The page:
[Editor’s note: This post by Alan November, written exclusively for eSchool Media, is part of a series of upcoming articles by this notable education thought leader. Check back later this month for the next must-read post!]
What if we could empower our teachers to turn student assessment into a process of learning instead of a focus on measurement? Further, what if this mindset change led to an increase in student achievement on tests?
That’s exactly what is happening at Trailside Middle School in Loudoun County, Virginia; at high schools in Gaston County Schools, North Carolina; and at a few other pioneering classrooms around the country where I have had the opportunity to work with innovative educators.
Depending on how you view the purpose and management of student assessment, this innovative process may seem counterintuitive at first—but it has led to dramatic gains in their students’ understanding.
Achievement Gains x 3
The technique involves testing students twice: once individually and once in groups. It’s something I first saw practiced by Harvard physics professor Eric Mazur, who has redesigned the culture of his classroom to have students own their learning.
By making the learning a socially interactive experience, where students are discussing and debating the problems with each other, Dr. Mazur has found that his Harvard students are much more engaged in the class—and they also learn more from each other than they learned from him alone. In fact, he has seen achievement gains that are three times greater than what he experienced when he used to lecture.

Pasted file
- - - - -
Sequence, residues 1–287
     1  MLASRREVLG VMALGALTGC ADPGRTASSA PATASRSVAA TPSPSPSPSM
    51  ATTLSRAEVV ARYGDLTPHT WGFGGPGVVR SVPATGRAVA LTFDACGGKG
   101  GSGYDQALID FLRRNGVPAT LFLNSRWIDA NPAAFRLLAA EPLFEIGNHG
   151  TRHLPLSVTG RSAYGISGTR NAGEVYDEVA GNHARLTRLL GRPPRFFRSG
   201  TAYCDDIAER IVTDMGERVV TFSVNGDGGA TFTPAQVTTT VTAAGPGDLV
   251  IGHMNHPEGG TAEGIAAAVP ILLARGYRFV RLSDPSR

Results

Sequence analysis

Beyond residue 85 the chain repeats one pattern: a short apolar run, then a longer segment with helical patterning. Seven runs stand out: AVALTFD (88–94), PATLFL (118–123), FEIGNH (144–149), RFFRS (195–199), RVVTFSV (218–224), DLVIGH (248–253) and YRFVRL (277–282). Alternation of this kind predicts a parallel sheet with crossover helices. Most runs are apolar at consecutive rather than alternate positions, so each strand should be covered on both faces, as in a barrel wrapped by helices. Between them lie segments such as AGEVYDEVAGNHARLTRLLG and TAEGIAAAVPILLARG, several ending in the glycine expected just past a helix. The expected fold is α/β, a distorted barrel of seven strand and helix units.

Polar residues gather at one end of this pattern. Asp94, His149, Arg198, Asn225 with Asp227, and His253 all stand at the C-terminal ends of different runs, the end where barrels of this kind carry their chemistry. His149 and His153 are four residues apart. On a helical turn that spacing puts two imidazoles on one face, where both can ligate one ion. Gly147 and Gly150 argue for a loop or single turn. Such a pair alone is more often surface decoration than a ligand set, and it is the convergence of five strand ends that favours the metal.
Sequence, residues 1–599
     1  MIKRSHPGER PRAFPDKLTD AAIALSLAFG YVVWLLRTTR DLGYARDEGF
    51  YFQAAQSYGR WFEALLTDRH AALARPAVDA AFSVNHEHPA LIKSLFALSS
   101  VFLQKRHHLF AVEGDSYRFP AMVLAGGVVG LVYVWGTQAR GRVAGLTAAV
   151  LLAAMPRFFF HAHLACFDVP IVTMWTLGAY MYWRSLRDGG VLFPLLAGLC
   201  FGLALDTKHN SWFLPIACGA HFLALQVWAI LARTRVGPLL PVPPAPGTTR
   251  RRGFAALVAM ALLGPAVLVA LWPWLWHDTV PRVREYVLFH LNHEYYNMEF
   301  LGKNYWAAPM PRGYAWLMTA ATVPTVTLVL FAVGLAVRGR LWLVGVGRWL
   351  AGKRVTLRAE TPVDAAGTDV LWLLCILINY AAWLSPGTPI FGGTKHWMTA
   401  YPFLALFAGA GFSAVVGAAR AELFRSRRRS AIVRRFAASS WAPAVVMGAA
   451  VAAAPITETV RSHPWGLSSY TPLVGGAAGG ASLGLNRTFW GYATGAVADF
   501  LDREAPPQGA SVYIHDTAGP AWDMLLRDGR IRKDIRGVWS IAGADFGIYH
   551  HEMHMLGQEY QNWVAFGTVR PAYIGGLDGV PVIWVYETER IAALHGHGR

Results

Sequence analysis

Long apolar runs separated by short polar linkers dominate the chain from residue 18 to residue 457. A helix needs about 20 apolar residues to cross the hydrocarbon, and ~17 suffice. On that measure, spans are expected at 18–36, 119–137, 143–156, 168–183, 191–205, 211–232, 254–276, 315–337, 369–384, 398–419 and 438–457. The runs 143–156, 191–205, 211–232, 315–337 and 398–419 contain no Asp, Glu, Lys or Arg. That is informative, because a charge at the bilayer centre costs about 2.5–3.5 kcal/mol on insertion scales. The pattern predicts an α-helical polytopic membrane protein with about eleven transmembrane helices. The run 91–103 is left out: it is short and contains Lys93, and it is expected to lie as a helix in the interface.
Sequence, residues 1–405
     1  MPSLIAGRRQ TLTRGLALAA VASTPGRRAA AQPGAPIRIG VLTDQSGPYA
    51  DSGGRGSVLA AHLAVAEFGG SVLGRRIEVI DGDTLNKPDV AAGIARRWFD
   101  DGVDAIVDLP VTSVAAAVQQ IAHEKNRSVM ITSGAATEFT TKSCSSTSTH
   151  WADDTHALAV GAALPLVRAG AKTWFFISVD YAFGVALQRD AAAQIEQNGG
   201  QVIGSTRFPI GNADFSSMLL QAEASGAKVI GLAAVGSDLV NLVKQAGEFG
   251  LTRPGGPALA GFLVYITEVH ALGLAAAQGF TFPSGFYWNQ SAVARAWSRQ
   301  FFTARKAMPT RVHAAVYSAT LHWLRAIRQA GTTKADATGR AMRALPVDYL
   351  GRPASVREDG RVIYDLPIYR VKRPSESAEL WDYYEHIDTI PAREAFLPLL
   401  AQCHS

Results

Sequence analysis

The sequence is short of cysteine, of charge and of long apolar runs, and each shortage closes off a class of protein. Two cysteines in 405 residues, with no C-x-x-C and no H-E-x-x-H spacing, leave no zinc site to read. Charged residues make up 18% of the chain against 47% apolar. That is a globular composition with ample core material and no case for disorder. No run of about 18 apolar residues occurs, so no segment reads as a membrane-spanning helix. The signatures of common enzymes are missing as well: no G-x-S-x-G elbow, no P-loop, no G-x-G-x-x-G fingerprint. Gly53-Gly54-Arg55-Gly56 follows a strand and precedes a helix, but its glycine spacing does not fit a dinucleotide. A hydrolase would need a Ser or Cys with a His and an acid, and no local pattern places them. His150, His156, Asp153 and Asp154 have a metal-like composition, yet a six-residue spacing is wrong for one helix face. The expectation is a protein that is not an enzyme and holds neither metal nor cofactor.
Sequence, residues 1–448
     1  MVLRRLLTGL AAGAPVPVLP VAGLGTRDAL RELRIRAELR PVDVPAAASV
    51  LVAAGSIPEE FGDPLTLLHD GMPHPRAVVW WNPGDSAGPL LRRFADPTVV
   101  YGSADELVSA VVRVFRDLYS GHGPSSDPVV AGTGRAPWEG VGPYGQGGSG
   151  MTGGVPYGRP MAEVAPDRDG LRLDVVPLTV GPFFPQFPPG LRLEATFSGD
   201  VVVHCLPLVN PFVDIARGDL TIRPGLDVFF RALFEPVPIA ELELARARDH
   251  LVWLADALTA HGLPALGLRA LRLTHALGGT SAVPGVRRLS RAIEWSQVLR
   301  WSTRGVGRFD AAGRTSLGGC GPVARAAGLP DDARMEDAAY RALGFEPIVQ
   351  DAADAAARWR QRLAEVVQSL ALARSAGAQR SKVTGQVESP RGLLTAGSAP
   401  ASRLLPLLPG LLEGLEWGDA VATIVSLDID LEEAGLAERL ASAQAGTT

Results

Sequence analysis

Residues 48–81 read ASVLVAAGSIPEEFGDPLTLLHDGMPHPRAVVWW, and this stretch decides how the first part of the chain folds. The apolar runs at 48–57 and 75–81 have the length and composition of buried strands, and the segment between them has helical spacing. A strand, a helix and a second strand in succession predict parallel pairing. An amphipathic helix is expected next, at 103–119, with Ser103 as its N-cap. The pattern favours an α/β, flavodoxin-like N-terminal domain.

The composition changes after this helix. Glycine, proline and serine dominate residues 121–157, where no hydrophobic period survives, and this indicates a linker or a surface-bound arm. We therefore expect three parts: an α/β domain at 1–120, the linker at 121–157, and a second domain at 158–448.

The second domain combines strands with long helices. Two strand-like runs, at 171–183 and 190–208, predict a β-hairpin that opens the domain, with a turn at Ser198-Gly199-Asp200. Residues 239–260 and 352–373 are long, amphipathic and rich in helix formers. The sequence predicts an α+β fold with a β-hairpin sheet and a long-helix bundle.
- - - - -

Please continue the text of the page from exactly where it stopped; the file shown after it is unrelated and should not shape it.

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“It is an amazing experience to watch the engagement, the excitement, the energy, and the constant debate students have with one another,” he says. “There is this passion that really disseminates across the whole room.”
Professor Mazur observes, “We mostly assess students on low-level skills, like remembering, and our only way of testing them on that is to cut them off from any other source of information or each other. But that’s not how they will operate later in their careers. We all have access to the internet, books, and other people. That’s why I think it’s very important that we transition to a more authentic form of student assessment, where students do have access to this information and to each other.”
In Professor Mazur’s process, students first take an assessment alone; then, they are placed together in small groups to discuss those same questions and decide what the right answers are and why. “They essentially get three tries to get a decreasing number of points as a team for those questions,” he says. “In a sense, it makes the assessment a learning opportunity and also a feedback opportunity, which is what it should be.”
The big question is: Will a process that shows improvement with highly motivated Harvard students work with high school students who are under motivated or middle school and elementary students who are struggling?
The answer is a resounding YES.